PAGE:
I was reserved. I was ordained to save Man. Celestial Powers !

The infant boy; the dear, the precious charge, What labouring sighs heave in his breast?-what The last of all my kings :-full twenty years terror

I've hid him from the world, and froin himself; Rolls in the patriot's eye?-haste, Mirvan, hence; And now I swear- -Kneel we together here; Again look out; gather the flying news,

While in this dreadful pause our souls renew And let me know each circumstance of ruin.

Their solemn purpose.

(Both kneel. [Exit MIRVAN. Thou all-gracious Being,

Whose tutelary care hath watched the fate
Enter ZAMTI.

Of China's Orphan, who hast taught his steps Man. Zamti !

The paths of safety, still envelop him Zumti. Mandane!

In sevenfold night, till your own hour is come; Mun. Ah! what hast thou seen?

Till your slow justice see the dread occasion What hast thou heard?- Tell me-- has fate To rouse his soul, and bid him walk abroad, decreed

Vicegerent of your power ;-and if thy servant, The doom of China ?

Or this his soft associate, e'er defeat Zamti. China is no more!

By any word or deed the great design, The eastern world is lost---this mighty empire

Then straight may your horrible displeasure Falls with the universe beneath the stroke Be launched upon us from your red right arm, Of savage force---falls from its towering hopes; And in one ruin dash us both together, For ever, ever fallen !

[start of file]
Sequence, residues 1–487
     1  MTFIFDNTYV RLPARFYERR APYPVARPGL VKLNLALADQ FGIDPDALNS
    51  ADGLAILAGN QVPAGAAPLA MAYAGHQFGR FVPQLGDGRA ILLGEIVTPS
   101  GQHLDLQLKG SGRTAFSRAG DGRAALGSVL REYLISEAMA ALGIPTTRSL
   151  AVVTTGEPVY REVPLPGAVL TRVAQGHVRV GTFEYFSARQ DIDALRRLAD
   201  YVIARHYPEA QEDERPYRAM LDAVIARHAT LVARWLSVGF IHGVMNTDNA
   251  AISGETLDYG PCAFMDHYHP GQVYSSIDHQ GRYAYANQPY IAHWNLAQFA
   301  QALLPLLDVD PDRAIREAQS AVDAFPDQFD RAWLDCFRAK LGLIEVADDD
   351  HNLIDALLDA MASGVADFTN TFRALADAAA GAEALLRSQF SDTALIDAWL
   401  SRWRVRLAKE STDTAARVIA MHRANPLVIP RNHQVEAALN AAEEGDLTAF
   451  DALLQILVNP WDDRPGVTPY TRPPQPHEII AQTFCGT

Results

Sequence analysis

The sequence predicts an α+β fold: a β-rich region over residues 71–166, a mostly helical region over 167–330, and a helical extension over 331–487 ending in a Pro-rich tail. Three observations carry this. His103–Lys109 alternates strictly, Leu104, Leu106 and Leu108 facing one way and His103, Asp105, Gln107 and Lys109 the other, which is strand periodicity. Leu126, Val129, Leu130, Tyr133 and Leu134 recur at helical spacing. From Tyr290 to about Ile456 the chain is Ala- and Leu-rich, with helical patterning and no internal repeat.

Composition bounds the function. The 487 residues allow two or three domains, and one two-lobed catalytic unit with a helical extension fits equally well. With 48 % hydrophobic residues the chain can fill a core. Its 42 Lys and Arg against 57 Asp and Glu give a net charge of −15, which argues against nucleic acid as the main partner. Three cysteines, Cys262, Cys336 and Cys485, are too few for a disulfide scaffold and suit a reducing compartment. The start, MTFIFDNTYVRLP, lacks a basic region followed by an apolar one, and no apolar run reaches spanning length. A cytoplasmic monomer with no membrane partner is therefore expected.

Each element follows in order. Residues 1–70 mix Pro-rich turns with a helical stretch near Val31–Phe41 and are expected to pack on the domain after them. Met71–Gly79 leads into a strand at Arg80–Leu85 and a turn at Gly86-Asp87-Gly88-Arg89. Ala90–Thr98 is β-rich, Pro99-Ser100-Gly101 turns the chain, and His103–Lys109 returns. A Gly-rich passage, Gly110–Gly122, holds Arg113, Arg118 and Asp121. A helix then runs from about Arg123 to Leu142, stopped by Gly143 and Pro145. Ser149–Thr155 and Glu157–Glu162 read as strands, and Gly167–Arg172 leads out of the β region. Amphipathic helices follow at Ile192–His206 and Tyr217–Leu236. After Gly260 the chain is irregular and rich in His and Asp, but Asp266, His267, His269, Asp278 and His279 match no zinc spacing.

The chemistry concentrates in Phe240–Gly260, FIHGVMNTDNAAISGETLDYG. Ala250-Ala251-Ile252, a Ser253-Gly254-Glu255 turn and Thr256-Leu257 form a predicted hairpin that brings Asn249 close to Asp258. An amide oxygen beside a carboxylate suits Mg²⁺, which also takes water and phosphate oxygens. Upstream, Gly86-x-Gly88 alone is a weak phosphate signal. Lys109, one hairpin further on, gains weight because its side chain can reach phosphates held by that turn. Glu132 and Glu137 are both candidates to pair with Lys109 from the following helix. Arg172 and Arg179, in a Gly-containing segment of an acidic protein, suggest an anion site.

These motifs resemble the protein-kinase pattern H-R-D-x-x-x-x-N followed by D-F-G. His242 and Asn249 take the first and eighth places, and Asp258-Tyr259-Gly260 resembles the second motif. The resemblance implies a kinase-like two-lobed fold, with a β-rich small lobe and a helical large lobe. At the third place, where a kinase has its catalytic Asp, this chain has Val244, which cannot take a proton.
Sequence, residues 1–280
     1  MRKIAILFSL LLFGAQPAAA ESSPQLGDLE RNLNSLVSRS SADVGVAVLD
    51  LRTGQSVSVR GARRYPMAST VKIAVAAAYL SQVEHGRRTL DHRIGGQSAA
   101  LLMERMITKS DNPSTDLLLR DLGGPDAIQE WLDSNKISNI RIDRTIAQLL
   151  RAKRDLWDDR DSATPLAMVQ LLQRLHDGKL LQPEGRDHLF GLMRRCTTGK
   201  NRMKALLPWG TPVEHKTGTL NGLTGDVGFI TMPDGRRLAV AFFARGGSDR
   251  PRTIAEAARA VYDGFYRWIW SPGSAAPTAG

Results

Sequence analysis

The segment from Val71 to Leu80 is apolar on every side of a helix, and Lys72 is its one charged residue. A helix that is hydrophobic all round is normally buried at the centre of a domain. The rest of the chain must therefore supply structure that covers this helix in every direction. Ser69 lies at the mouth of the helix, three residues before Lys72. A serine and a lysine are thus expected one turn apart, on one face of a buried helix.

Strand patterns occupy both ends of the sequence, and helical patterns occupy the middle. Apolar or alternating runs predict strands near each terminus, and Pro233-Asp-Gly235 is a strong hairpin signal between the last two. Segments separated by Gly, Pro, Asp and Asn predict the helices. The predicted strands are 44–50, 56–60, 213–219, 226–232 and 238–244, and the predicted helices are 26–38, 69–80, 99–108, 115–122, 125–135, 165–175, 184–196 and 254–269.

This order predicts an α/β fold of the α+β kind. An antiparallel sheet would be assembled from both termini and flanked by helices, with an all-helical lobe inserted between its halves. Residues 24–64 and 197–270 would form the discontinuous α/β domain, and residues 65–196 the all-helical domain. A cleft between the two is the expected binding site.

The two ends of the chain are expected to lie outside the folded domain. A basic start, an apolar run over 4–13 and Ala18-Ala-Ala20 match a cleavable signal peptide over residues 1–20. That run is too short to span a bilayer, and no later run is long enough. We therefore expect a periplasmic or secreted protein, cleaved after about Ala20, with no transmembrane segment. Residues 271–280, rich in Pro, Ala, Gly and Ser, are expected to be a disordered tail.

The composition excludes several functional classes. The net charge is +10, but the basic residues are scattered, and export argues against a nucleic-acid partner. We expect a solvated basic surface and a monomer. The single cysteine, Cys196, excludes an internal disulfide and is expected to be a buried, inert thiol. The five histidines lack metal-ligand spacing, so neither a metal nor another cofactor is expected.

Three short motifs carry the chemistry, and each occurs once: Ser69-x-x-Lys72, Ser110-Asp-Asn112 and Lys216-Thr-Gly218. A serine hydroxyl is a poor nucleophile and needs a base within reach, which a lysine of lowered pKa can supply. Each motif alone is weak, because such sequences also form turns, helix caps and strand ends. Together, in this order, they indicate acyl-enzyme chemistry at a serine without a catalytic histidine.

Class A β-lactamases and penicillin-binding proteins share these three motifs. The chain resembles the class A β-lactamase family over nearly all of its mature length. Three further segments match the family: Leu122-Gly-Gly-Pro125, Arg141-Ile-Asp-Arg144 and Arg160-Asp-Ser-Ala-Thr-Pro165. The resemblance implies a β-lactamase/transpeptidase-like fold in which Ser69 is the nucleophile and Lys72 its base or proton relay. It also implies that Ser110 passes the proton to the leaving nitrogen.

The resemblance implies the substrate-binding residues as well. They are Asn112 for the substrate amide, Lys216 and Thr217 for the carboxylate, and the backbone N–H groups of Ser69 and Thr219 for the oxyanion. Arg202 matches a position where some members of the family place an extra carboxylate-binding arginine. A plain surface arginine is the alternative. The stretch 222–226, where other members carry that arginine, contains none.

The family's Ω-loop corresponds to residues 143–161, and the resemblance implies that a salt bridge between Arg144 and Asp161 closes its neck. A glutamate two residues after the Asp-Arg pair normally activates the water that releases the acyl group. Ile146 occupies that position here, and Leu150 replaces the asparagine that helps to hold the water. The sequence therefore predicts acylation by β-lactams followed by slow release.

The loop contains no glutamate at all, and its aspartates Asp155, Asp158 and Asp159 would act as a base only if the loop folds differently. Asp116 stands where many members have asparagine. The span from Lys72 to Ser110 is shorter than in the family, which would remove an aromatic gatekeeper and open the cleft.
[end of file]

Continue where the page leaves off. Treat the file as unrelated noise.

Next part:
The blasted monuments of wrath! Man. Yet, why, ye Powers !

Man. That here Why should a tyrant, trained to lust and murder,

Mandane vows ne'er to betray his cause, A lawless ravager from savage wilds,

Be it enrolled in the records of Heaven! Where cheerful day ne'er dawns, but lowering

(Both rise. heaven

Zamti. And now my heart more lightly beats; For ever rolls a turbulence of clouds;

methinks, Why should a monster thus usurp the world, With strength redoubled I can meet the shock And trample fair simplicity from ill

Of adverse fate. Bencath his ruffian feet?

Man. And lo! the trial comesZamti. Far hence, Mandane,

For see where Etan mourns- -See where the Those happy days, alas! are fled, when peace

youth, Here nursed her blooming olives, and shed round Unknowing of the storm that gathers o'er him, Her fostering influence.--In vain the plan Brings some new tale of woe. Of sacred laws, by hoary elders taught, Laws founded on the base of public weal,

Enter ETAN. Gave lessons to the world. In vain Confucius Elan. My honoured father, Unlocked his radiant stores of moral truth; And you, my helpless mother,-ah! where now, In vain bright science, and each tender muse, Illustrious wretched pair, where will ye fly? Beamed every elegance on polished life- Where will your miseries now find a shelter ? Barbarian power prevails. Whate'er our sages

Zamti. In virtuel and this dear faithful Or genius could inspire, must fade away,

We ask no more.
And each fair virtue wither at the blast

Man. Ah ! quickly, Etan, say
What means that pallid look ? 'What new event
Brings on the work of fate?

all

taught,

woman

Of northern domination

Mun. Fatal day!